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Version Control with Subversion
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Version Control with Subversion - Adding Projects

Adding Projects

Once your repository is created and configured, all that remains is to begin using it. If you have a collection of existing data that is ready to be placed under version control, you will more than likely want to use the svn client program's import subcommand to accomplish that. Before doing this, though, you should carefully consider your long-term plans for the repository. In this section, we will offer some advice on how to plan the layout of your repository, and how to get your data arranged in that layout.

Choosing a Repository Layout

While Subversion allows you to move around versioned files and directories without any loss of information, doing so can still disrupt the workflow of those who access the repository often and come to expect things to be at certain locations. Try to peer into the future a bit; plan ahead before placing your data under version control. By “laying out” the contents of your repositories in an effective manner the first time, you can prevent a load of future headaches.

There are a few things to consider when setting up Subversion repositories. Let's assume that as repository administrator, you will be responsible for supporting the version control system for several projects. The first decision is whether to use a single repository for multiple projects, or to give each project its own repository, or some compromise of these two.

There are benefits to using a single repository for multiple projects, most obviously the lack of duplicated maintenance. A single repository means that there is one set of hook scripts, one thing to routinely backup, one thing to dump and load if Subversion releases an incompatible new version, and so on. Also, you can move data between projects easily, and without losing any historical versioning information.

The downside of using a single repository is that different projects may have different commit mailing lists or different authentication and authorization requirements. Also, remember that Subversion uses repository-global revision numbers. Some folks don't like the fact that even though no changes have been made to their project lately, the youngest revision number for the repository keeps climbing because other projects are actively adding new revisions.

A middle-ground approach can be taken, too. For example, projects can be grouped by how well they relate to each other. You might have a few repositories with a handful of projects in each repository. That way, projects that are likely to want to share data can do so easily, and as new revisions are added to the repository, at least the developers know that those new revisions are at least remotely related to everyone who uses that repository.

After deciding how to organize your projects with respect to repositories, you'll probably want to think about directory hierarchies in the repositories themselves. Because Subversion uses regular directory copies for branching and tagging (see Chapter 4, Branching and Merging ), the Subversion community recommends that you choose a repository location for each project root—the “top-most” directory which contains data related to that project—and then create three subdirectories beneath that root: trunk, meaning the directory under which the main project development occurs; branches, which is a directory in which to create various named branches of the main development line; tags, which is a directory of branches that are created, and perhaps destroyed, but never changed. [21]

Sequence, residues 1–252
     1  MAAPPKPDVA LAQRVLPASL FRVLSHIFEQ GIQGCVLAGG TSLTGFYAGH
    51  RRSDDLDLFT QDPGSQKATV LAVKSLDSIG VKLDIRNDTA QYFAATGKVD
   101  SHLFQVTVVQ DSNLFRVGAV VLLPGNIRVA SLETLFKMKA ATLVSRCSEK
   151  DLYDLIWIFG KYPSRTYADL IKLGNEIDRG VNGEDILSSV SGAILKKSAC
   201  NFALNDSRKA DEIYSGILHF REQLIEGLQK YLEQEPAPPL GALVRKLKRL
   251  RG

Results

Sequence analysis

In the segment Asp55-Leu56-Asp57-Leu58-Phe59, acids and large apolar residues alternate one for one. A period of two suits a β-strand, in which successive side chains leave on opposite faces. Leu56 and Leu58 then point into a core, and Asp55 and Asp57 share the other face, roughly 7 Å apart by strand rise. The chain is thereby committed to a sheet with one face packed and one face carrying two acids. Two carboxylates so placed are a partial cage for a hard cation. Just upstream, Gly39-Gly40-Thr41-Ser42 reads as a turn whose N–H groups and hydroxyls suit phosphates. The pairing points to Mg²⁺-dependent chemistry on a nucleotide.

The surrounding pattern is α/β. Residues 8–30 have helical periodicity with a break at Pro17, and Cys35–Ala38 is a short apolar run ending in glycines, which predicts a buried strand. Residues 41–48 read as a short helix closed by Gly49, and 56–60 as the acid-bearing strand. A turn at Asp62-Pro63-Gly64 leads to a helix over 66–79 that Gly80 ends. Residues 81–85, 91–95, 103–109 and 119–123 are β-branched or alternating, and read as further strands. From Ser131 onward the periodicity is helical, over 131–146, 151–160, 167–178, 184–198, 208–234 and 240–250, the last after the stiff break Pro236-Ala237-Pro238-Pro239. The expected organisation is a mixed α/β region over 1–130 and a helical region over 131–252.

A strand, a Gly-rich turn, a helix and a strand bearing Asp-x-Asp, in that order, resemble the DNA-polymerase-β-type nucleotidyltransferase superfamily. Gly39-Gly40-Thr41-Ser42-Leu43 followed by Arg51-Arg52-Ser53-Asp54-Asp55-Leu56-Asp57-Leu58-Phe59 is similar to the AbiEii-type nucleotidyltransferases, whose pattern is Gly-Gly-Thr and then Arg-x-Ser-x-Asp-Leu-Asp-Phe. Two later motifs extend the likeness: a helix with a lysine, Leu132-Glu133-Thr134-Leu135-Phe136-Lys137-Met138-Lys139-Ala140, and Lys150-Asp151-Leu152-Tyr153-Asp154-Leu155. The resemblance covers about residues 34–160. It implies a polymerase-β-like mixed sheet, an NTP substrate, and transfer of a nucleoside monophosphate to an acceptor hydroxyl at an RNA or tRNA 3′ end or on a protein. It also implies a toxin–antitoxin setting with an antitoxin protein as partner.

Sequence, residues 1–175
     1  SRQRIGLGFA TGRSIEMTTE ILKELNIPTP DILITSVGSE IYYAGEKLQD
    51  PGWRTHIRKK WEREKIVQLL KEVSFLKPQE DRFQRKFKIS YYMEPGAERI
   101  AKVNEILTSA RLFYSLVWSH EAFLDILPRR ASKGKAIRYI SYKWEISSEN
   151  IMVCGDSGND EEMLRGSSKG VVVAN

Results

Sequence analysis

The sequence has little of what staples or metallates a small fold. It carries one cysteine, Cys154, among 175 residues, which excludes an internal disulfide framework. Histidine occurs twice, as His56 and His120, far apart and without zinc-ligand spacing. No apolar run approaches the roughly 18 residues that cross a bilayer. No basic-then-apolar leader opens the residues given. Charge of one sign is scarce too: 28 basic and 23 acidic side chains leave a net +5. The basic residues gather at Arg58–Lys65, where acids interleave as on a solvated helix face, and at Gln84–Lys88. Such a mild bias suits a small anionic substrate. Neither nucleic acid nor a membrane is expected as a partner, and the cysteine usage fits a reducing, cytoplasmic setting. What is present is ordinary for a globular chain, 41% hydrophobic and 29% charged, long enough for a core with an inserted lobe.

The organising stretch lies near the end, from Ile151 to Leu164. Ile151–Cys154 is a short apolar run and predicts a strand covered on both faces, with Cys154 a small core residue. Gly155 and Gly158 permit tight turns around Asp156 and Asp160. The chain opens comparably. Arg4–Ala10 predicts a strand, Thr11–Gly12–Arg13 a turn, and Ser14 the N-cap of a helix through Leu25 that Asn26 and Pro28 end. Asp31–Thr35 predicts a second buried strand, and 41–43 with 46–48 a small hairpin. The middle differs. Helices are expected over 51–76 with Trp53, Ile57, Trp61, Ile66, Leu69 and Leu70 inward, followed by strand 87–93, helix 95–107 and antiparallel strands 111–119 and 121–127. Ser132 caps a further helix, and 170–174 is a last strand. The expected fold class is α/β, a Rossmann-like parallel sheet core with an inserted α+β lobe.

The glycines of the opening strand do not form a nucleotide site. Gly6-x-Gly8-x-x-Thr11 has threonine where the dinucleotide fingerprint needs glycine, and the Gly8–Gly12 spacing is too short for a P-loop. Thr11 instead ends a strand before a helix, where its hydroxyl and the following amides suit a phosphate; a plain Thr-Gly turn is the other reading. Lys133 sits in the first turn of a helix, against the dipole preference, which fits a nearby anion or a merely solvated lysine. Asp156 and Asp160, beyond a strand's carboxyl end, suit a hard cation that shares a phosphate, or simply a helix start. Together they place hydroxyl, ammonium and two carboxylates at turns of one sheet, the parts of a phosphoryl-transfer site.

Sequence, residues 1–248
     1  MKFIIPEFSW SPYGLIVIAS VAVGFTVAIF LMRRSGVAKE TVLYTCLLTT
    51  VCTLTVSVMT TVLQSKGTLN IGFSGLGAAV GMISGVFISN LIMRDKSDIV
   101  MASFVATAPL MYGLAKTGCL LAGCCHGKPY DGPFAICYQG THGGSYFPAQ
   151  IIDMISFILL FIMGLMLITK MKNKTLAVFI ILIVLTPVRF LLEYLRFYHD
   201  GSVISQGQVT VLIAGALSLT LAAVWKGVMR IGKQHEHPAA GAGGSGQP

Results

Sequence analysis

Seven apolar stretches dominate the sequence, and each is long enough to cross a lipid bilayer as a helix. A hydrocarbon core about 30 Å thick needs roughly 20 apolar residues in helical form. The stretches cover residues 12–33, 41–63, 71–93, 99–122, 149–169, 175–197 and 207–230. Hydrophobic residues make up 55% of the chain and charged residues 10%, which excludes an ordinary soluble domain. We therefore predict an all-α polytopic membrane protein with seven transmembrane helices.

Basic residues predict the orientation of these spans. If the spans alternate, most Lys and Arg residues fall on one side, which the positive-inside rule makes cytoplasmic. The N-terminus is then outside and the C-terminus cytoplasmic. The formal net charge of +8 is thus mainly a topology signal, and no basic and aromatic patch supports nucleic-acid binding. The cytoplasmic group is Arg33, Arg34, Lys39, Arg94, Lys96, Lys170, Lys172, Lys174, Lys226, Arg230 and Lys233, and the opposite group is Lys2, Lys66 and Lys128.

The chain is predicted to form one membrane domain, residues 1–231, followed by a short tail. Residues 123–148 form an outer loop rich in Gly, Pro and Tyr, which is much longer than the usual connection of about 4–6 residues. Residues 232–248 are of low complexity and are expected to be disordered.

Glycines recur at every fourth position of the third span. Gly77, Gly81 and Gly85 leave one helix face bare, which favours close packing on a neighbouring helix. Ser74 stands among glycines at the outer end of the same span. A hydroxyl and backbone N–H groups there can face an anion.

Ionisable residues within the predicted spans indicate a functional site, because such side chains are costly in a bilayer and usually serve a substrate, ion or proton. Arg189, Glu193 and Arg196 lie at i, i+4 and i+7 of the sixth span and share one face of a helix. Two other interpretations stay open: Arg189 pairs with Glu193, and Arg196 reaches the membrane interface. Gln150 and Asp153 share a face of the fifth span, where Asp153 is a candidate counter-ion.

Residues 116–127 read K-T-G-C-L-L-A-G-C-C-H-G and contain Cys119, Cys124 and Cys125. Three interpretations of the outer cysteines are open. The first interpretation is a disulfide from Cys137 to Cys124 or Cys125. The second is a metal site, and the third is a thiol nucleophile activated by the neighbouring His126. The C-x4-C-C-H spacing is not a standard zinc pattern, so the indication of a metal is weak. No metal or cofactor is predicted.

For example, your repository might look like:

/
   calc/
      trunk/
      tags/
      branches/
   calendar/
      trunk/
      tags/
      branches/
   spreadsheet/
      trunk/
      tags/
      branches/
   …

Note that it doesn't matter where in your repository each project root is. If you have only one project per repository, the logical place to put each project root is at the root of that project's respective repository. If you have multiple projects, you might want to arrange them in groups inside the repository, perhaps putting projects with similar goals or shared code in the same subdirectory, or maybe just grouping them alphabetically. Such an arrangement might look like:

/
   utils/
      calc/
         trunk/
         tags/
         branches/
      calendar/
         trunk/
         tags/
         branches/
      …
   office/
      spreadsheet/
         trunk/
         tags/
         branches/
      …

Lay out your repository in whatever way you see fit. Subversion does not expect or enforce a layout schema—in its eyes, a directory is a directory is a directory. Ultimately, you should choose the repository arrangement that meets the needs of the people who work on the projects that live there.


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Version Control with Subversion
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